Electoral Act Amendment: What NASS should have done, says Fayemi
Kayode Fayemi the Governor of Ekiti State has said the National Assembly should have allowed the Independent National Electoral Commission (INEC) to determine if it was capable of transmitting election results electronically in the country.
There has been wide criticism over the failure of the National Assembly to ratify electronic transmission of results as the only mode of sending election results in the country’s electoral process.
While the House of Representatives, passed Clause 52, allowing INEC the discretion to decide whether to transmit election results electronically.
In the Senate, the Clause was amended to allow the Nigerian Communications Commission (NCC) to decide on where and when electronic voting and electronic transmission of results should take place.
Stakeholders fear that the decision of NASS may have just put to rest any hope of a free and fair general election in 2023.
But while featuring as a guest on Channels Television personality interview program, News Night, part of which was broadcast on News at 10 on Sunday, Fayemi said there was justification for the controversy which trailed the amendment of the Electoral Act in both chambers.
“If I have the opportunity to ask, and I had some discussion with some people about this, I would have argued strongly that we leave this matter for the electoral commission to handle, rather than macro-manage the electoral commission or bring in the NCC or the National Assembly as the final arbiter of what happens to electronic transmission of result,” Fayemi said.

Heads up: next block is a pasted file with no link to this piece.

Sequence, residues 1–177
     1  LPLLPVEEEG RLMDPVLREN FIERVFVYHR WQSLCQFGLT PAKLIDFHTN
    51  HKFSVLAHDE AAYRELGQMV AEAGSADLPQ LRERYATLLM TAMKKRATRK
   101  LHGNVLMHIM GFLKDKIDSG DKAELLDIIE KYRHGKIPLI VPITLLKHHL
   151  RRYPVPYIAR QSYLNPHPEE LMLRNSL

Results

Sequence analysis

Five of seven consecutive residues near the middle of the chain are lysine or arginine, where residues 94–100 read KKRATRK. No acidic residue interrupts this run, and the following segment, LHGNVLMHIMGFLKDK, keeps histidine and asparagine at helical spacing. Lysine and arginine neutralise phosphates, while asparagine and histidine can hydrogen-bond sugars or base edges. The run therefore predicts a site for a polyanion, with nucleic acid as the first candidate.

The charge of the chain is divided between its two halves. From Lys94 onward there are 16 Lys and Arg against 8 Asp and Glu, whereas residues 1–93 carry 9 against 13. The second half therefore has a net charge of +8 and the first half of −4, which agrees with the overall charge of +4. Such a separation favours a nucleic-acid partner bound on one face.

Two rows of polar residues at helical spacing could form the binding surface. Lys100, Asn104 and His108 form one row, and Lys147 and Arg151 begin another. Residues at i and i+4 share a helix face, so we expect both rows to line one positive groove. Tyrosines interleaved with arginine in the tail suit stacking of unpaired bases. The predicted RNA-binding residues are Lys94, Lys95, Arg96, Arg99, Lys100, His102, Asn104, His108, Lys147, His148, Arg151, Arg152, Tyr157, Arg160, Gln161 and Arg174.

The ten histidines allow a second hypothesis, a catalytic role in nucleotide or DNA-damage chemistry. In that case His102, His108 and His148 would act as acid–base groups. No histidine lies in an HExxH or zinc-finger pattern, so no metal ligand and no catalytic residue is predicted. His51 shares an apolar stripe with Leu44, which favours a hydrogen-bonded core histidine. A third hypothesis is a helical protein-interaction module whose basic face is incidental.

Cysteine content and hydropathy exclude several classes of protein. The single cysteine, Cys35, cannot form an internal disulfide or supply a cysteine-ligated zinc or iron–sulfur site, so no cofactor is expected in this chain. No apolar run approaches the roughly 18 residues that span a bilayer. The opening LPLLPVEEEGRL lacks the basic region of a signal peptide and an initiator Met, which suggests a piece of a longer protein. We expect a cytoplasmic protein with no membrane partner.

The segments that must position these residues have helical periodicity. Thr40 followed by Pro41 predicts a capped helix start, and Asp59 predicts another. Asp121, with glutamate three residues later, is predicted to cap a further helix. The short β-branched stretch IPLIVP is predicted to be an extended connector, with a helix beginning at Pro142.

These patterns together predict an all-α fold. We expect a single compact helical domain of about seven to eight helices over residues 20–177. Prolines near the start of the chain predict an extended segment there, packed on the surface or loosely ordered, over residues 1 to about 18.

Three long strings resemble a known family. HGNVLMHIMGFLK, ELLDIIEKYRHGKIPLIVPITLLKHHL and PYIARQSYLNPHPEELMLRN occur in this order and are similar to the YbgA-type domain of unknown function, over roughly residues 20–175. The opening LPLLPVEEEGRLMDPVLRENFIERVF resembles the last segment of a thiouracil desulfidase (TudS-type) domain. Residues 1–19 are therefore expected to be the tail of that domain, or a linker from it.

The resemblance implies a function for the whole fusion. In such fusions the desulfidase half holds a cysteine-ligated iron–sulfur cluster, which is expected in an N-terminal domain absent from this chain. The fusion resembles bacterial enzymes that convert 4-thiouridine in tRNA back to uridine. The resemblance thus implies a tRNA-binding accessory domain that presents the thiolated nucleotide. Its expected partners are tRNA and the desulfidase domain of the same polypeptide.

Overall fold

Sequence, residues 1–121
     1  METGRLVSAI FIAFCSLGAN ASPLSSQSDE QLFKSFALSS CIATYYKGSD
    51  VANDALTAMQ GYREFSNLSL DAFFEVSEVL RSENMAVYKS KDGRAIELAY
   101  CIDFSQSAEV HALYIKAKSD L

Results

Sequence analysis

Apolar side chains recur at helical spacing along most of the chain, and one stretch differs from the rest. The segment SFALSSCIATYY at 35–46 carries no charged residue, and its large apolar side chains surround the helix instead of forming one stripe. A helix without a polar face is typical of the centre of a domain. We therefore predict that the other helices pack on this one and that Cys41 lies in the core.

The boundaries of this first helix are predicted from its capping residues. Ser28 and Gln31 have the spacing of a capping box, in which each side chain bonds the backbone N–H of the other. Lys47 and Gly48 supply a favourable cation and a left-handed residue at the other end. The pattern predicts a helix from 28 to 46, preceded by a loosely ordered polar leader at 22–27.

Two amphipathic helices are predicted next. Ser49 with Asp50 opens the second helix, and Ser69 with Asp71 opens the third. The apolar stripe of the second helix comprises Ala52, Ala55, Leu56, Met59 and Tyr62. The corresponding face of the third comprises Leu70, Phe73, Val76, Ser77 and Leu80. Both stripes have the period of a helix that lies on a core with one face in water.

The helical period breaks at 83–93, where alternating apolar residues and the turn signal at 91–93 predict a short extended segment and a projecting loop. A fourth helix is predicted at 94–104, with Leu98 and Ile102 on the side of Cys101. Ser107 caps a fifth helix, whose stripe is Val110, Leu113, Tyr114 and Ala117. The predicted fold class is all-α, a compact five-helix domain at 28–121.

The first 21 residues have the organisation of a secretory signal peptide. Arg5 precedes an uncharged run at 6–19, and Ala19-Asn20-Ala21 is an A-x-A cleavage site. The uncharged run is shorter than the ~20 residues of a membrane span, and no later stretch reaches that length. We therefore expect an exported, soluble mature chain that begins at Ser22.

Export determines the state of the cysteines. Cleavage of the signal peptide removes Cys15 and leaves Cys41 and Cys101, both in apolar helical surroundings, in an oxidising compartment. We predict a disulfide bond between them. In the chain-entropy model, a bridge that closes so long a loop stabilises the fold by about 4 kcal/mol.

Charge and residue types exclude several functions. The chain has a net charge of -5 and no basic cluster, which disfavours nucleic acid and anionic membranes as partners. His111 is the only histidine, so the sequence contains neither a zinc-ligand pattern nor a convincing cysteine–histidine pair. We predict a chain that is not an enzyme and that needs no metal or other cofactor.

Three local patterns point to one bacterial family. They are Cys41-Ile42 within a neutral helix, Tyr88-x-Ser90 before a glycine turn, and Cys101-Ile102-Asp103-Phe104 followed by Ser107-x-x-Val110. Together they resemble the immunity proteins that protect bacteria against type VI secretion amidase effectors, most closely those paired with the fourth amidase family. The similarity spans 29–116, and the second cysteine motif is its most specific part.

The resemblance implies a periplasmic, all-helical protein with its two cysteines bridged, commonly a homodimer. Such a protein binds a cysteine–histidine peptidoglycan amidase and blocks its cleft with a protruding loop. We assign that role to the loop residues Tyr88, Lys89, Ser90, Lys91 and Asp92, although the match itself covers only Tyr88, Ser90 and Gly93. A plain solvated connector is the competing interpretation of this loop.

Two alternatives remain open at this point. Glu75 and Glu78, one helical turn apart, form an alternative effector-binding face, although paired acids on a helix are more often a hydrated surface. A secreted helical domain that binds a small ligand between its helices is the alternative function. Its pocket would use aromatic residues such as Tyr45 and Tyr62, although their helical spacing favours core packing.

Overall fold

The Ekiti Governor, who is the chairman of Nigeria’s Governors Forum (NGF), stressed that there was no need to bring in the National Communication Commission (NCC) in the issue, while the controversy the issue generated gave the impression that the lawmakers had a special interest which was not.
“I strongly think we can handle it differently and, unfortunately, it has been handled the way it has been handled,” he said.
It gives the impression that there is some surreptitiously hidden agenda which there isn’t, and when I spoke to our representatives in the National Assembly they tried to explain that; for us particularly in the Senate which was where it is more contentious, that it was more not against electronic transmission of result, but for an amendment that was brought before them you could say it is a distinction without a difference,” he added.